Most people can't wait to dive in and gut the big 8-pointer they just shot. Back at the skinning shack, they do a pretty good job of peeling off the hide ... until they get down to the neck. Whoa, now what? Don't wanna mess up, I'm gonna mount this baby! Well, caping out a deer's head and face is not major surgery. You can do it in either seven or 13 easy steps. If you mess up a cut or two, no biggie. Your taxidermist can sew it and fix it.
1.) Hang a buck head down with its nose a foot or so off the ground.
2.) Cut through the hide and completely around the deer's body behind the front legs.
3.) Cut all way around each front leg above the knees.
4.) Skin out from the circular body cut to the leg incisions; free the hide from the legs.
5.) Cut along the top of the shoulders and along the back of the neck to within inches of the antlers. Cut out to each antler in a "Y" incision.
6.) Using your hands and knife, peel/skin the hide down, around and over the head and rack as far as possible. Pull it tightly out of the way.
7.) Cut all the way around and through the thick neck meat, down to the spine bones. Grab each side of the rack, twist the neck, crack a vertebrae joint and the head should pop right off. You're left with a long, flowing cape with a buck's head inside. (You can carry your trophy to a taxidermist who will cape out the head and face for a shoulder mount. Or, you can make the finishing cuts. Why not try it on a deer this fall? You'll never learn to cape if you don't try it.)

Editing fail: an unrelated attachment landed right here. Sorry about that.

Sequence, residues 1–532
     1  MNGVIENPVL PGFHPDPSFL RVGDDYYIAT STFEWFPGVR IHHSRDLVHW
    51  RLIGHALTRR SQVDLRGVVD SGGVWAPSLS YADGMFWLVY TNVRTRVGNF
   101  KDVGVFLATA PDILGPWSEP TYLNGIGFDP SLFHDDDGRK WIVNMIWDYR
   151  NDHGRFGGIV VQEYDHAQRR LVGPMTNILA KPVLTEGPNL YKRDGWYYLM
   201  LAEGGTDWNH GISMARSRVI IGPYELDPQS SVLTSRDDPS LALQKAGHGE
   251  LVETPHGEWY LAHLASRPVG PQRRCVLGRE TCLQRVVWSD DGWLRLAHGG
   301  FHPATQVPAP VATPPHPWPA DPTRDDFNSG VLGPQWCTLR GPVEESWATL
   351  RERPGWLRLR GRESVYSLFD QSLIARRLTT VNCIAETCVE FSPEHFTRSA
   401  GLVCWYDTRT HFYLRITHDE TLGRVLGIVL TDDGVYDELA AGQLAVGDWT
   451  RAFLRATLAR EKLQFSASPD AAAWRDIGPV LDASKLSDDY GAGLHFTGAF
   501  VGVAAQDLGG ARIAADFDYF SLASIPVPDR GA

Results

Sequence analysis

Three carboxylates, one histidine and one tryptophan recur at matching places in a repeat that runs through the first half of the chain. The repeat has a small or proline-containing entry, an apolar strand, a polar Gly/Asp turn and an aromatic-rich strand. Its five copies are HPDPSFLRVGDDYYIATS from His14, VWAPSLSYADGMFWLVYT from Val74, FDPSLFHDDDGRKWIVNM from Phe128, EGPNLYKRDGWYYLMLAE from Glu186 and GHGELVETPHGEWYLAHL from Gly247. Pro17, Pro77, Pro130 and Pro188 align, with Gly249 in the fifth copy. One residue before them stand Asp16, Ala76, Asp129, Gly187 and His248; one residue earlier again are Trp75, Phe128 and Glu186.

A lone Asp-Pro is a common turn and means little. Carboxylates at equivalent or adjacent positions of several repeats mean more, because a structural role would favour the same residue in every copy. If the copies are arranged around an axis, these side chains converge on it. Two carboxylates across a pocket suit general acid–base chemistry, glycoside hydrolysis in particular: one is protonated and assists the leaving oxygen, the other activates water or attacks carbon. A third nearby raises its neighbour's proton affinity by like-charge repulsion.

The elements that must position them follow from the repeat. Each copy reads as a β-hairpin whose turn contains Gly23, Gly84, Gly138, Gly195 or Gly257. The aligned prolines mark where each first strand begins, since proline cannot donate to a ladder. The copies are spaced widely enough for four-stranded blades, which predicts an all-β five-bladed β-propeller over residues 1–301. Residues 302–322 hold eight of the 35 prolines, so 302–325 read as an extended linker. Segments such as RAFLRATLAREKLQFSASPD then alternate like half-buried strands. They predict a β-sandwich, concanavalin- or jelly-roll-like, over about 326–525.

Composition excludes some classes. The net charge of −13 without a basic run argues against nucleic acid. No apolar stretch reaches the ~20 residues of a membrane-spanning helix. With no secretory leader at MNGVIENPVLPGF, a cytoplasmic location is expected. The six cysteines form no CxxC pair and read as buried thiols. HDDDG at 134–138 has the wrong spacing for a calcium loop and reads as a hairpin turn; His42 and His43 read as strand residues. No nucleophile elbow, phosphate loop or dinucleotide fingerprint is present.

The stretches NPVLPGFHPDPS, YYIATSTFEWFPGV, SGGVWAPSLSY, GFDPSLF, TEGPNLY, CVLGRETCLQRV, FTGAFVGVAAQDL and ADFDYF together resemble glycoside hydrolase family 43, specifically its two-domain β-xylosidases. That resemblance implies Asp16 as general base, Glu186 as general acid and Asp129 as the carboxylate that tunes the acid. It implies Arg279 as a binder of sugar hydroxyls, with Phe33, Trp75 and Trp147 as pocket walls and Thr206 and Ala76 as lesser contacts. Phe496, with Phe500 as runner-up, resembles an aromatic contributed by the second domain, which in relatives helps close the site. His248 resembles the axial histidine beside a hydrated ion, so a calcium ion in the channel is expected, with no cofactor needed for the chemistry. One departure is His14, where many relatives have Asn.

8.) Lay the buck's head on a clean workbench or table. Cut and pry the hide from around each antler, leaving as little hair as possible on the pedicels. A flat-head screwdriver in addition to your knife works well for this.
9.) Use a small, sharp caping knife to cut off the ears as close as you can to the skull.
10.) Using your fingers to guide your caping blade, cut beneath and around the eyes. Run the blade as tight as you can to the skull bone. Be careful not to clip off the eyelids. This is not as hard as it sounds, just go slowly and be careful.
11.) Continue to skin down the top, sides and bottom of the face to the tip of the nose. Cut off the lips and nose close to the facial bones; leave them attached to the cape.
12.) Carry the fully caped buck to the taxidermist, who will turn the ears, split the lips, etc.
13.) Oh yeah, the big antlers! Saw down through the front of the skull at the eye sockets; make a second cut low behind the "horns" and through to the eyes; the skull plate will pop right off. Be careful not to crack or break the plate. If you split it, the rack is not eligible for the record book (if that is something you care about). Tote the skull plate with antlers along with the cape to the taxidermy shop. In six months or so you'll get back a shoulder mount you'll be darn proud of.
Build Your Skills
My tool kit consists of three items: a caping knife, a skinning knife and a sharpening stone. First, use a deep-bellied, fixed-blade skinner with a gut hook to zip open a buck and remove his innards, then peel off the body hide with the stout skinning blade.
Remington, Cabela's and Buck Knives make good skinners. When you get down to the more tedious head-and-face work, switch to a caping knife, a knife with a thin, sharp, 2- to 3-inch blade. The Cub Bear from Knives of Alaska is my favorite skinner; Gerber also makes a good one. Keep a stone or steel handy to keep your skinner and caper finely honed.